FYI this is not news, but a foundational argument against our leadership’s “inspired” anti-gay rhetoric over many years. Now they’re at “OK OK maybe God (biochemistry) made you that way, but that doesn’t mean you have to act on it, right?” If the Brethren are inspired at all, this is likely very limited in scope – investment funds, for instance. They’ve done a terrific job there. As regards females and homosexuality, they’re still in the dark ages. The movement towards inclusion of racial minorities is long overdue but welcome and laudable nonetheless.
Just to try to debunk old outdated theories about homosexuality. Identical twins may get different hormonal environments in the womb, because of things that affect how well the placenta functions. The best guess theory behind the how many big brothers a gay man has data is that the mother develops antibodies toward androgen. So, how the placenta functions would affect how much the mothers antibodies interfere with the son’s sexual development.
And the big brother thing is just one of the theoretical causes, as was stated in the original post, so other things may be effecting those identical twins where one is and one isn’t gay. Or, they could both be bi, and one fell in love with a guy, while the other fell in love with a girl. There are lots of variables.
Studies show no correlation between having a father in the home or not, the personality of the father or having a dominating mother. For years psychologists looked for how homosexuality was learned, and they could not find anything consistent, that was part of why they concluded it is inborn.
So, this would have nothing to do with several brothers “jockeying for position” no matter the “displacement of the archetypical father” crap. The father being in the home or being a strong father figure seems to make no difference to his son’s being gay.
Anna, it isn’t only about whether there’s a father in the home–though the presence of a father in the life of a child can certainly make a huge difference in her well-being. It’s also about a *culture* that has displaced the father figure as one to whom children should be accountable.
That said, I won’t pretend that I’ve got some unified theory that answers every question about human sexuality. But as it relates to the specific study presented in the OP it seems to me that because that one variable can make a difference in so many ways — physically, mentally, emotionally, even spiritually — that perhaps we ought not be too quick to dismiss any influence on the child’s sexual development.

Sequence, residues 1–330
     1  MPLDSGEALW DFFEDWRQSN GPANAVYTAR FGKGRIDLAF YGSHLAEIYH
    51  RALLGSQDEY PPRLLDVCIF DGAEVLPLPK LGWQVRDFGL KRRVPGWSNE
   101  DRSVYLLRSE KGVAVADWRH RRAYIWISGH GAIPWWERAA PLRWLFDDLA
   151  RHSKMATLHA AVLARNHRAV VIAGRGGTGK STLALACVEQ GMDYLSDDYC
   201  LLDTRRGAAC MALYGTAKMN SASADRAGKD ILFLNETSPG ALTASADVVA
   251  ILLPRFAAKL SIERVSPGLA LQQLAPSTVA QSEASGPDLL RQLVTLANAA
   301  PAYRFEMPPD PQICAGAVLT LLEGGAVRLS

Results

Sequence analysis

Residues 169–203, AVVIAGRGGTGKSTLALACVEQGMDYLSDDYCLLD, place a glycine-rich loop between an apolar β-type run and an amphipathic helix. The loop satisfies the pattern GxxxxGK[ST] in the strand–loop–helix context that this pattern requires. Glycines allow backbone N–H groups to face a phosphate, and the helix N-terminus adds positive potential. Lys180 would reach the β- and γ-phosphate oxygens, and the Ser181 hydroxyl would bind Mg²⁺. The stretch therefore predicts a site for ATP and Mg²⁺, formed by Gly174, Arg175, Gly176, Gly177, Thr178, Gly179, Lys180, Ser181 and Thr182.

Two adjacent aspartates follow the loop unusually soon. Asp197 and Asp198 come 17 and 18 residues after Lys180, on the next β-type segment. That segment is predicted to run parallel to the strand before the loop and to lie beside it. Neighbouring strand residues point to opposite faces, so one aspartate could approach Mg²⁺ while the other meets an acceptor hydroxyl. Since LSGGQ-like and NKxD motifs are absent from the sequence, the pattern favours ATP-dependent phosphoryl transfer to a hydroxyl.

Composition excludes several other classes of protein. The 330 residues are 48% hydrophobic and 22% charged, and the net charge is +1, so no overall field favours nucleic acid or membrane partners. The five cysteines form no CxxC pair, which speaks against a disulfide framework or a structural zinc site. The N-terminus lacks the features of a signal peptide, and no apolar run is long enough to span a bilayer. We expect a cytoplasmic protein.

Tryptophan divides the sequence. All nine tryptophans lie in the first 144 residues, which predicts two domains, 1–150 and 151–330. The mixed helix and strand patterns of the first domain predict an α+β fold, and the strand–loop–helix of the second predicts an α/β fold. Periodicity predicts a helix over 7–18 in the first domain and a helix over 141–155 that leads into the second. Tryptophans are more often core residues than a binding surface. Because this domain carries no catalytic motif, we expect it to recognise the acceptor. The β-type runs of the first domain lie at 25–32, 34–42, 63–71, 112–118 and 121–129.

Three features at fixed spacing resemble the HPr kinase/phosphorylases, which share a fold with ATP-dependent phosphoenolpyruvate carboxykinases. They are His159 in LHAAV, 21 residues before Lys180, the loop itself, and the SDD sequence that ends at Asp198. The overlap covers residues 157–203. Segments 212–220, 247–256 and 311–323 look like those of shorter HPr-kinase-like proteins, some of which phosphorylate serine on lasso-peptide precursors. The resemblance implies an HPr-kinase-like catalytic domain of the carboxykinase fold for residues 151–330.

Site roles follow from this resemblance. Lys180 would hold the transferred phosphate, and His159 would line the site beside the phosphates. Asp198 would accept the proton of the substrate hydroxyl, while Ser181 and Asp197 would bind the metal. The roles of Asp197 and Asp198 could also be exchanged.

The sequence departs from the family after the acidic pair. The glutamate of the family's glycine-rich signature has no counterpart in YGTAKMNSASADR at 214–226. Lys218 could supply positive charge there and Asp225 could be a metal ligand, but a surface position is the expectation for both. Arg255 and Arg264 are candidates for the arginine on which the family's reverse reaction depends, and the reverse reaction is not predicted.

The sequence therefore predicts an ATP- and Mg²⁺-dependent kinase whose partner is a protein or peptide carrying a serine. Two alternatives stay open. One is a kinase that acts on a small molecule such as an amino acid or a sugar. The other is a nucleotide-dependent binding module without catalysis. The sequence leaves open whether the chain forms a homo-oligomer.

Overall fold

Thank you Anna.
Well-said, Jack, though evidence militates against fatherly behavioral influence on ultimate determination of sexuality. Good straight fathers have gay sons. Good gay dads have straight sons. There seem to be deeper mechanisms at work.
“Good straight fathers have gay sons. Good gay dads have straight sons.”
I agree. But what I’m suggesting is that a fatherless culture oft times has more influence on the mind of a child than a good dad has power to mitigate.
Jack, let me say it again, study after study, across time (starting in the 50 when there was supposedly none of the “cultural decay” that you are trying to blame) and across cultures, shows no correlation between the father being in the home, respected, whatever, and his child turning out gay. In fact studies show the very same about 2% of the population turning out gay. It has not increased with the loss of your nonexistent “archetypical father”. Even animals who have had no change in the kind of fathering they get have that same about 2%of gays. So, the studies hold across species. There is no evidence that what you are claiming has ANY effect of a child’s sexuality. I go by scientific studies, not outdated theories of people who refuse to accept that being gay is inborn.
None of my information is new, in fact I was taught this same stuff back in high school probably before you were born. Yeah, I’m probably that old. The general idea that it is (a) definitely not learned and (b) most likely not genetic either, (c) but something that is hormonal from before birth was taught in 1970. This is old science, but it the best science so far.
Yes, fathers are very important. They do a lot of the gender training, as far as teaching boys to be emotionally happy, healthy boys, or unhappy, insecure boys. Fathers are very important. Just not with this. Now if you want a discussion on how fathers are very important, we could do that, but it isn’t this discussion.
Anna, I agree that there has always been a small percentage of people would identity as gay regardless of the time, place, or culture, they were brought up in. But the world we live in today — in the West in particular — allows for a broader range of identification to be explored and manifested than in earlier times. And, IMO, much of the “spectrum” of sexuality would remain unexplored in a world where our self-understanding was more squarely founded upon the responsibilities that stem from safeguarding the family rather than the ephemeral notions of the detached self.
Seems like since the average man has some amount of older brothers, the base rate of homosexuality when you have no older brothers would be lower than 2%. So that you can get the overall value to hit 2%.
Of course there’s a “spectrum” of sexuality, Frank. How could there not be? Furthermore you and I would likely have 5 wives each if not for the Federal Government of the United States of America, which found that behavior disgusting & immoral, much like the average Mormon finds homosexuality today.
Stephen, I didn’t want to pay for full access to the article–but I did read the abstract. And what I found most interesting was the final sentence: